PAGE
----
Tag Archives: Ed Harris

The Truman Show (1998) Review

Truman-Show

The Truman Show

Time: 103 Minutes
Age Rating: 120px-OFLCN_-_PG.svg[1] Low level offensive language
Cast:
Jim Carrey as Truman Burbank
Laura Linney as Hannah Gill
Ed Harris as Christof
Natascha McElhone as Sylvia
Holland Taylor as Alanis Montclair
Director: Peter Weir

An insurance salesman (Jim Carrey) is oblivious of the fact that his entire life is a TV show and his family members are mere actors. As he starts noticing things and uncovers the truth, he decides to escape.

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The Truman Show is known as a classic and for very good reason. I remembered watching it a while ago just hearing about its concept and knowing that Jim Carrey was in the lead role, and I liked it. More recently on a rewatch though, I loved it even more. It’s a smart, funny and entertaining satire, and strong on the writing, directing and acting fronts.

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The Truman Show already has a great concept of a man who doesn’t know that his entire life is actually a TV show and everyone in his life are actors. The idea is executed brilliantly too, managing to be both entertaining and deep, with a perfect blend and balance of both comedy and drama. It is paces itself excellently over its hour and 40 minute runtime, and unravels and de-constructs Truman’s world in a meticulous and gradual way, even though you know pretty early on what’s really happening. The screenplay is original, enjoyable and is surprisingly thought provoking, offering some clever insights on the human experience and raising questions. It’s a deep and thought provoking film that is still light hearted at times. It’s a perfect mix of so many themes, obviously the likes of reality television, media and the public’s obsession with celebrities are here, but even topics including meaning of life, the reality of choice and existentialism can be seen here. In many ways, The Truman Show was ahead of its time, the topics it touches upon still resonate strongly in today’s society and it seems more relevant than ever. As someone who had a second viewing on this movie, I can confirm that it is even better on repeat viewings as I got more from the deeper meanings and themes beyond its plot.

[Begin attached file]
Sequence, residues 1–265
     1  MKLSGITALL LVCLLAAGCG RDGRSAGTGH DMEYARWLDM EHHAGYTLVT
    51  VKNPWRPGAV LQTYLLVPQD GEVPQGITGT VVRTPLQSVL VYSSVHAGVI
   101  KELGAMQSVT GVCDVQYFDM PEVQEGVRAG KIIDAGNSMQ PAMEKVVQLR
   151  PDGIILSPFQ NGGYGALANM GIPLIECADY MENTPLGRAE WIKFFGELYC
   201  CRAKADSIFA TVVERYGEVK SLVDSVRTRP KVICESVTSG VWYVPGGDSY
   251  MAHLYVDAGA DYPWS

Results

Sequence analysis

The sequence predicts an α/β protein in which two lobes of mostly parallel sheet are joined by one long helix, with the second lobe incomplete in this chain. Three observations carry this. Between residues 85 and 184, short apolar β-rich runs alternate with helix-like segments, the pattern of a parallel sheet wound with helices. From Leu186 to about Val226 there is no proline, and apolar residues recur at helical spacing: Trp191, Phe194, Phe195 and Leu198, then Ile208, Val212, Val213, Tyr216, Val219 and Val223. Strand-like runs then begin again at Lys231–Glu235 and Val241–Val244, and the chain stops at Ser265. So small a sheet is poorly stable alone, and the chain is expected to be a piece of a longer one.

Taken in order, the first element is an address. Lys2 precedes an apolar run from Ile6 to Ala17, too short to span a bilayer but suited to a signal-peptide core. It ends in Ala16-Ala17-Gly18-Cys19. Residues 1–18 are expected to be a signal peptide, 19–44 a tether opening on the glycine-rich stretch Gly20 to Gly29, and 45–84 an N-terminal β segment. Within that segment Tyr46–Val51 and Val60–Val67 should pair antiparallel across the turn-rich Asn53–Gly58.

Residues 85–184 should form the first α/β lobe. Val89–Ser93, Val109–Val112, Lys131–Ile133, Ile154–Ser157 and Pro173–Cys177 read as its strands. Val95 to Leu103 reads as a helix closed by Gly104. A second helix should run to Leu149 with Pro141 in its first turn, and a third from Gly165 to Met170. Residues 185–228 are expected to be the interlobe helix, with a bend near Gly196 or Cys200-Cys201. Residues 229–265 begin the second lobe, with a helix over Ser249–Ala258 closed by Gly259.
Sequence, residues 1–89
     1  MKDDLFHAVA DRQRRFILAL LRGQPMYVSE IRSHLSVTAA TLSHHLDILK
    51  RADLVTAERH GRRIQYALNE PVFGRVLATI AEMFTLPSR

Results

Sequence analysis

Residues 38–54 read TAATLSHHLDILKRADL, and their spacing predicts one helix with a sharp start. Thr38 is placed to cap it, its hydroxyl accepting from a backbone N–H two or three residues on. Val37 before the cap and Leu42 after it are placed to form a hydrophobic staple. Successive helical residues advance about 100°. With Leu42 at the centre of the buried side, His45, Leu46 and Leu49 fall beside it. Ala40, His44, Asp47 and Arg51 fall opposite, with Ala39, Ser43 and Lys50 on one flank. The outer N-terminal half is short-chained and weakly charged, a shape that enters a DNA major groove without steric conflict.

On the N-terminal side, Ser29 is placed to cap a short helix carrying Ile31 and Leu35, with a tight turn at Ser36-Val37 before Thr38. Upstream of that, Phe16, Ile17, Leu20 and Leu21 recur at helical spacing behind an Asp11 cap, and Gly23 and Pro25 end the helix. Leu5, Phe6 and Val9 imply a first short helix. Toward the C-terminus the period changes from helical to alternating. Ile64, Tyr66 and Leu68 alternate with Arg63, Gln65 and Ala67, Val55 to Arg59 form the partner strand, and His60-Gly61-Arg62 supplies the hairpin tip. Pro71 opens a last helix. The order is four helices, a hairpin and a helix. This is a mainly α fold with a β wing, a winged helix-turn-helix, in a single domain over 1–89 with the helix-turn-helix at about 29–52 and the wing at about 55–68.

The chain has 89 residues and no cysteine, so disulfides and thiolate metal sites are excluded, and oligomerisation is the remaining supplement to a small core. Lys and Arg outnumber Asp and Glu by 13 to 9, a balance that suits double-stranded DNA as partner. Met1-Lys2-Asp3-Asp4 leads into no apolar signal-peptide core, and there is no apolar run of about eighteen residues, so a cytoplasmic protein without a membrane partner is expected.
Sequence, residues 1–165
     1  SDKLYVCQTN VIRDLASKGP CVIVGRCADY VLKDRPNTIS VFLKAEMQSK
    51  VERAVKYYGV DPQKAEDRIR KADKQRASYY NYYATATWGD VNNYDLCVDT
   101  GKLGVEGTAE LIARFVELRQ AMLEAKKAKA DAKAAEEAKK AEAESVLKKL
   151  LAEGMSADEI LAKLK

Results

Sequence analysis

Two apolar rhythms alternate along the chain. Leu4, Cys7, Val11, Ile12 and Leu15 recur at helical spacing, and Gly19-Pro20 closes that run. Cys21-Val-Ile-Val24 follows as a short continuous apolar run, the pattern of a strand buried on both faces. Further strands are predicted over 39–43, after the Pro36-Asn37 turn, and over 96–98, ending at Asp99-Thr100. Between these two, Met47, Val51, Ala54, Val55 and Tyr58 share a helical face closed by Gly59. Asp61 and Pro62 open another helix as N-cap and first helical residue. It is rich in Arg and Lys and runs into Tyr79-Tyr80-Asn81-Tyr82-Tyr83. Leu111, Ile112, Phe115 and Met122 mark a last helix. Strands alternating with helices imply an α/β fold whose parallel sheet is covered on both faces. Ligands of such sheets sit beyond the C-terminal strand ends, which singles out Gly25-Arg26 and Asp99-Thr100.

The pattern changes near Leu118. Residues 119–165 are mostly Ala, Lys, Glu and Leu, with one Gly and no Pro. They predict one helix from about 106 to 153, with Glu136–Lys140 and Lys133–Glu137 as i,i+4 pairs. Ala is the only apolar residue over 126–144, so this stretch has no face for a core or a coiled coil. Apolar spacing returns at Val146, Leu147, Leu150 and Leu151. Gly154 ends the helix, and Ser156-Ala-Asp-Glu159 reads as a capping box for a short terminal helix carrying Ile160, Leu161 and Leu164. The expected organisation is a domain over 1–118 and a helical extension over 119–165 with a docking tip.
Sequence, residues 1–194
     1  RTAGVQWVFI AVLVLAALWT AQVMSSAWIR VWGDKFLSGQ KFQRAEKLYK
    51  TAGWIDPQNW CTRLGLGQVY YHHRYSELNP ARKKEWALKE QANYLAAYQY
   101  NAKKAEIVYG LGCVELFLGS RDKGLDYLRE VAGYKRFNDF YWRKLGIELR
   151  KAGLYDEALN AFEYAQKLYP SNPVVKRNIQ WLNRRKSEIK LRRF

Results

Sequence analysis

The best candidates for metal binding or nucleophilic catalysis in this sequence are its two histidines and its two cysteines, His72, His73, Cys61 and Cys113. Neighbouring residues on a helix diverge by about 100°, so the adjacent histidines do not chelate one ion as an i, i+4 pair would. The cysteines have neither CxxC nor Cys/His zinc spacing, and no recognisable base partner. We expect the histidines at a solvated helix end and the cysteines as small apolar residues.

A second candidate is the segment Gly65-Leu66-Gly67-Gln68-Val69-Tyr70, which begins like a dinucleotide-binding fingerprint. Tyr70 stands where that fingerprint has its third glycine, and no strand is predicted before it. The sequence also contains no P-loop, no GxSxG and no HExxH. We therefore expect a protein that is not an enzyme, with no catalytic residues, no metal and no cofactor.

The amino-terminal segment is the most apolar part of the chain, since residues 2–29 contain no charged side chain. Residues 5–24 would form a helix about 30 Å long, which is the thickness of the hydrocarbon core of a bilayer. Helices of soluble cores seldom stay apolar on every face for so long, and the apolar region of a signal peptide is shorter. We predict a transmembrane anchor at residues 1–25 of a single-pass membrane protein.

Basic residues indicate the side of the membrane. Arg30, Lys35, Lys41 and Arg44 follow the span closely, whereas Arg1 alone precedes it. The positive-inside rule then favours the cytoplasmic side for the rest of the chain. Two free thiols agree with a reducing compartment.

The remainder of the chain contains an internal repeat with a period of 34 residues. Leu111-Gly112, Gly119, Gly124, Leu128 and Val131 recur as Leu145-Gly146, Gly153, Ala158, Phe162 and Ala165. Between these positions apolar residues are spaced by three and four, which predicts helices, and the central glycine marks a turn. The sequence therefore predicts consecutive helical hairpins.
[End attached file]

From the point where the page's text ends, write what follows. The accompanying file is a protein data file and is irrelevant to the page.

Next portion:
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The acting from everyone is great but the highlights are really two performances. Jim Carrey plays lead character Truman, and this movie cements how good of an actor he is. Stepping aside from his typecast roles, Carrey surprises with a dense, dramatic and well-balanced performance that is truly heartwarming, he’s quirky and optimistic but still very much human, especially with his reactions to certain revelations in the movie. Ed Harris plays Christof, the show’s creator, and he does well in a nuanced performance. Christof cares about Truman in a way, but at the same time wants to keep the show going, and Harris is great at portraying both sides of him.